The Super Bowl is over for this year, but two highly significant football contests rage on. A federal judge in Pennsylvania set aside the $764 million settlement between the National Football League and its retired players to cover costs associated with head trauma. Judge Anita Brody was concerned the sum would not be sufficient to cover all future claims. Meanwhile, a National Labor Relations Board panel in Chicago is weighing arguments over whether playing college football is a job. Northwestern University football players, led by former quarterback Kain Colter, are arguing that football players are university employees who should have the right to bargain collectively.
Football is a huge business, at both the college and the professional levels. But there is increasing evidence — not yet conclusive — that football is also dangerous to the people who play it, which prompts me to ask two related questions:
- Why does any college or university have a football program?
- When will the first lawsuit be successfully brought against a major college football program over head trauma?
We know that football exposes players to significant head trauma. A concussion researcher at the University of North Carolina installed sensors on the inside of the helmets of North Carolina football players. According to his data, players routinely receive blows to the head with a force equivalent to hitting the windshield in a car crash at 25 miles per hour. We also know that professional football players suffer dementia and other forms of cognitive impairment at a much higher rate than the general population.
Is head trauma, such as repeated concussions, causing depression and dementia in football veterans? The causality is not ironclad. The kind of people who are attracted to football may be more prone to these maladies. Or perhaps steroid use or some other activity related to football is causing the harm. Or maybe the disproportionate number of NFL veterans suffering from depression and dementia is just a coincidence.
Still, there is strong reason to suspect that head trauma causes subsequent brain disorders. To me, the relationship between playing football and suffering long-term cognitive impairment feels a lot like smoking and cancer in the 1950s: It just kept getting harder and harder to argue that it is a harmless activity.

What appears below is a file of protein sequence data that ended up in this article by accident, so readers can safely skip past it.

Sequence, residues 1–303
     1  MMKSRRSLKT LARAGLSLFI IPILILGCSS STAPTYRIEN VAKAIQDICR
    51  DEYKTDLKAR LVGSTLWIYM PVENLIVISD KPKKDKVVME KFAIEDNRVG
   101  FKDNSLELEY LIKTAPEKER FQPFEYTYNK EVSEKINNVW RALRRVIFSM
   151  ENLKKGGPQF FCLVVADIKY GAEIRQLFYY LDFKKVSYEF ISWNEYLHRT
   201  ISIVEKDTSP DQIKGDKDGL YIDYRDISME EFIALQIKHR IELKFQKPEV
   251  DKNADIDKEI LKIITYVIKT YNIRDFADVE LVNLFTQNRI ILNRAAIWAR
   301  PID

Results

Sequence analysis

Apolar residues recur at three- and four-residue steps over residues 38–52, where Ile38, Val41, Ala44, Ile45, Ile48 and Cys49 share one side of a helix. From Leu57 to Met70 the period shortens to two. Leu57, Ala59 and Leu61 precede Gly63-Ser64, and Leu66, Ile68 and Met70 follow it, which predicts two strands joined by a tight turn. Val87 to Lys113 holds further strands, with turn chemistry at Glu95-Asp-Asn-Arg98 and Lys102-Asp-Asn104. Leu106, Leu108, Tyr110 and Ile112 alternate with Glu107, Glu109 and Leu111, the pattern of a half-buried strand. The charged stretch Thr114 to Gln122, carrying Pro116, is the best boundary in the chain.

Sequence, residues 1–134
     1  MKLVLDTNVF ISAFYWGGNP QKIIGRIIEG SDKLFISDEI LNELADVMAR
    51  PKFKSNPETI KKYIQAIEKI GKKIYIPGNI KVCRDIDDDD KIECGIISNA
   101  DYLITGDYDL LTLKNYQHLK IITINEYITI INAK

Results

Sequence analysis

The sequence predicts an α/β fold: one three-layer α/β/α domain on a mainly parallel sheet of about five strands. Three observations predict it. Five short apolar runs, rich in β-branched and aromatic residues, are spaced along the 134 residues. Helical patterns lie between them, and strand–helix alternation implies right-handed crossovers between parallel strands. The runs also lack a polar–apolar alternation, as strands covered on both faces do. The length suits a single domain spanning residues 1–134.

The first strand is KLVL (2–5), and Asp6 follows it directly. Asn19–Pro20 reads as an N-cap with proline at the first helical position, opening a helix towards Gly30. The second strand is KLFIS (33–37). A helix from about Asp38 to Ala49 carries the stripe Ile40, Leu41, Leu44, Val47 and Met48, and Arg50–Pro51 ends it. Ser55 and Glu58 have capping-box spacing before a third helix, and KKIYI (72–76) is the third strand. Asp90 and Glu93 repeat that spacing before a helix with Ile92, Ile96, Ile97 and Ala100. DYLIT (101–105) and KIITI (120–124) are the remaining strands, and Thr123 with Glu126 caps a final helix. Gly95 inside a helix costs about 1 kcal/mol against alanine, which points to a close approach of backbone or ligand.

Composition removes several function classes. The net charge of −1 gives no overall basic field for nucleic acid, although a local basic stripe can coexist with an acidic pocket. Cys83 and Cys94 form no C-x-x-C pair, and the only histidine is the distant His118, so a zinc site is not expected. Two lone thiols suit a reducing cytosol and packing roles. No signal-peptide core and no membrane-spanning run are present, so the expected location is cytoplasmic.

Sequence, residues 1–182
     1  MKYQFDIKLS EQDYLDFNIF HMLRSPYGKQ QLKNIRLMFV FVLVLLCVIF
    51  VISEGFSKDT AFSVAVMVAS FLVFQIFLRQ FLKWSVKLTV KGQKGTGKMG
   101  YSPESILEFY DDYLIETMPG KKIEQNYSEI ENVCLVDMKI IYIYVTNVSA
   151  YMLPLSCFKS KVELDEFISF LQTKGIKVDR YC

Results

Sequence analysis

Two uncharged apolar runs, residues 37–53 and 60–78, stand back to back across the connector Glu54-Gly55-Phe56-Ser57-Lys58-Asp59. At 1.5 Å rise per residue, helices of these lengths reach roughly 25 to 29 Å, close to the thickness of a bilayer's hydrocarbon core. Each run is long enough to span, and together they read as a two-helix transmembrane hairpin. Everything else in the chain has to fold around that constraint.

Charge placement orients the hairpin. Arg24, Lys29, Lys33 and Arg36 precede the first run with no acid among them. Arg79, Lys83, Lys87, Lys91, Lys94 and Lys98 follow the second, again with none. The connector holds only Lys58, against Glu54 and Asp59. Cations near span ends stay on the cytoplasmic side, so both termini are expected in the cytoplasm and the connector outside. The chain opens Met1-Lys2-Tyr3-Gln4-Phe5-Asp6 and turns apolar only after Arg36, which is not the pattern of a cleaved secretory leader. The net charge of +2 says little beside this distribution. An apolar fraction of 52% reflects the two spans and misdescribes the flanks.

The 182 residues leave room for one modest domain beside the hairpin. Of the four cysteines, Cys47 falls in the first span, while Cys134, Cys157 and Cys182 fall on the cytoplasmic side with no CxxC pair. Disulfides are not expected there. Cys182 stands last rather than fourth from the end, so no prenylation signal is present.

In light of all that, now suppose that you are the president or a trustee at any college or university with a football team. It can only be a matter of time before a former player (or a group of players, as was the case with the NFL) sues for football-related damages. When that inevitable lawsuit arises, any good plaintiff’s attorney is going to make some combination of the following arguments:
- At the time University X was running a football program, there was clear evidence that football causes head trauma. There was also mounting evidence that such head injuries lead to long-term health problems, such as dementia and depression. (Ironically, universities are the places that have generated much of this evidence.)
- The core mission of a university is to educate students and conduct research. Football is not essential to either of those undertakings. Thus, a reasonable leader should have erred on the side of eliminating any non-essential activity that puts students at risk. (This is radically different than the NFL, where football is the sole purpose of the organization.) Think of it this way: Suppose colleges were passing out free cigarettes to students in 1950, when the cigarette-cancer relationship was still in dispute. Responsible institutions would have ditched the free cigarettes when it became plausible that cigarettes cause cancer, because it’s just not that important for colleges to be giving students free cigarettes.
- The NCAA has acted as a monopoly to deny college football players the protections and bargaining rights that they would have been guaranteed just about anywhere else in the economy. College athletes have far fewer protections than professional athletes, and University X, as a member of the NCAA, has worked very hard to keep it that way.
Now at this point you are thinking, “But I love watching college football.” Many in the jury box will be thinking the same thing. But a smart lawyer is going to frame that popularity in a radically different way.
First, he is going to share all the e-mails and other documents showing how much money University X makes from the football program and how popular it is with alumni. Then he is going to ask: Should college athletes suffer brain injuries in order to generate university revenue and entertain middle-age men on Saturday afternoons?
I like football. My son plays (at the pee wee level) and I’m an enthusiastic fan at Dartmouth College, where I teach. But if I were at a college or university where football is relatively unimportant, such as the University of Chicago, I would ask, “What’s the point of maintaining this program?” If I were at an elite institution like Princeton or Harvard or Stanford, where football has a long, proud tradition, I would ask, “Is exposing our students to this risk consistent with our educational mission?” And if I were at a major football powerhouse like Alabama or Ohio State, I would ask, “Are we prepared for the inevitable and expensive lawsuits?”
Maybe there is a way to change football (and other sports
like hockey and lacrosse) to minimize head injuries. If so, colleges ought to
lead the way. If not, I suspect it will get harder and harder for
institutions dedicated to filling students’ heads with knowledge to be in a
business that smashes those heads against a car window at 25 miles per hour.